She should not have stood on her bar chair and announced that. The napkin said to do something that she might regret later, but she regretted yelling that right now.

Another guy moved up to stand beside the first. “I heard you say you were going to screw every guy in the bar.”

She examined the shot glass in front of her instead of meeting his eyes. “I sure did say that.”

“So, you didn’t mean it when you announced that you wanted to screw every guy in the bar?”

“Maybe announcing it was a bad decision,” she admitted.

Two more guys crowded around her chair. “‘Allo, my sweet. Is this party full, or am I just in time?”

Another guy with a New York accent said, “I’m not taking sloppy seconds. I want her mouth, and I want to go first.”

“Whoa,” Dree said, leaning back, her feet scrambling for the foot-rest bar to shove herself backward in her chair. “Slow down, dudes.”

More men stepped up, forming a knot around where she sat, boxing her in.

A gravelly voice asked, “Is this where I redeem my one-free-chick coupon?”

Another said, “She’s fatter than she looked.”

“Hey!” Dree said, getting pissed.

Another man reached for her as he said, “I want to do her tits. I get off on tits. You want to be un chou à la crème?”

He was asking if she wanted to be a cream pie.

She slapped his encroaching hand. “Ew!”

“You didn’t seem so finicky before,” an American guy said. “Sounded like you wanted to be the slimy center of a circle jerk.”

“Yuck! Jeez, you guys. Back off!”

“You said you wanted all the men,” another guy said in halting English.

The group tightened around her. Their heat reached her, making the air damp with their sweat. Tremors filled her arms.

A strong hand grabbed her boob. “Nice tits.”

She shoved at the man’s arm, knocking him back, but more hands were reaching for her. She clutched her little purse to her chest like the tiny scrap of pink leather could shield her, “Stop it!”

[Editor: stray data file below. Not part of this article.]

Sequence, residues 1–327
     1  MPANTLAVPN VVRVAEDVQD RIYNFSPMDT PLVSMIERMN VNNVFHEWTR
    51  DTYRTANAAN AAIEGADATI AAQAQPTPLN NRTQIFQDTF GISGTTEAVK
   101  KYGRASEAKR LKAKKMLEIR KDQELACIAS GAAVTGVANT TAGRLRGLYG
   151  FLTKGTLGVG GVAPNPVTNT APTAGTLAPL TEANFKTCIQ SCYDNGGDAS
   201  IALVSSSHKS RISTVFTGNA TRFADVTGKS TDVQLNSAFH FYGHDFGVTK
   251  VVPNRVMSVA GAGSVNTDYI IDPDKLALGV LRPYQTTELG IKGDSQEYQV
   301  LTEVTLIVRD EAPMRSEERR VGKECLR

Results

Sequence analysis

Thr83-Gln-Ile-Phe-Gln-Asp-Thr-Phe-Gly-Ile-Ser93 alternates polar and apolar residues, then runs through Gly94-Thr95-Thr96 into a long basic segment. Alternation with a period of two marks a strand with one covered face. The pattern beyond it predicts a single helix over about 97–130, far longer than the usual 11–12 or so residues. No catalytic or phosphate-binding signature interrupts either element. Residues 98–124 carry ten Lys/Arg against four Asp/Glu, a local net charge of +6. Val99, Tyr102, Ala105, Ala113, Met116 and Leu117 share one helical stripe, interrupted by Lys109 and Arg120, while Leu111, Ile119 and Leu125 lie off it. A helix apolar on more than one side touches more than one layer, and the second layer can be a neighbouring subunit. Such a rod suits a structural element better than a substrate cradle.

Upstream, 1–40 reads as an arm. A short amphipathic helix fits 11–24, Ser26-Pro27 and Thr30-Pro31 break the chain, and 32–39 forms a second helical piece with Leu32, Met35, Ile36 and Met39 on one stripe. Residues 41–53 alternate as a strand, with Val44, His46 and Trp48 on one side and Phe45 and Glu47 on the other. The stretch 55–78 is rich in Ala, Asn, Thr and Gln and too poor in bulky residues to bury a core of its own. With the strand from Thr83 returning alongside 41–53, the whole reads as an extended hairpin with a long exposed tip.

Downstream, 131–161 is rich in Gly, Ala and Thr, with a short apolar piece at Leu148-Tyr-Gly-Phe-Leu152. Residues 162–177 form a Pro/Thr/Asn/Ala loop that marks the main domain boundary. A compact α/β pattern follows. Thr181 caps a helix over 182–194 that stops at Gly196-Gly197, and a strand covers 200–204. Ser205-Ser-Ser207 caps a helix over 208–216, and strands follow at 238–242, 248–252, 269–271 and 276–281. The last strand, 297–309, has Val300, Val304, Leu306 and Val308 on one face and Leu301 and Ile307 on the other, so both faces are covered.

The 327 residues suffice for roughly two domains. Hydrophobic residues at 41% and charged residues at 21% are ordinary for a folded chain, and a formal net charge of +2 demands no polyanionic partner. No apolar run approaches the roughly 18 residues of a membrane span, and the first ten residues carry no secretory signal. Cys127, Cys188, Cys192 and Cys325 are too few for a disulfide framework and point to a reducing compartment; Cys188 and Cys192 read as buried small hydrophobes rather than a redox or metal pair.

“Are we going to do this here or outside in the alley?” one of them asked.

Another hand dove between Dree’s thighs, and she clamped her legs together and punched at the arm and face connected to it.

The shaking in her arms wracked her whole body.

There were too many of them.

Too many hands, and all were too big and too strong.

“Leave me alone,” she begged them. More hands, more leering faces, more hands and bodies coming at her and trapping her. “Stop! Jesus Christ, just leave me alone!”

Movement from behind the guys.


A few of the guys’ heads swiveled left as something drew their attention, and their eyes widened.

Large, strong hands appeared over the wall of her attackers and grasped their shoulders. Their attached bodies flailed and flopped aside.

The cluster of men fragmented like a rotting sea wall broken apart by a rogue wave.

Men’s voices yelled as the barrier they’d made themselves into was ripped apart.

A tower of white cotton and muscled flesh breached the ring of guys and rose in front of her. Scents of mild soap and a fresh, masculine aftershave emanated from the white tee shirt and the mountain of a man standing there and facing away from her. One of his arms reached back to shield her, and the other shoved outward, pushing the guys’ shoulders and forcing them to stumble backward.

The man’s deep voice said in British-accented English, “Back away. The lady said she wanted to be left alone.”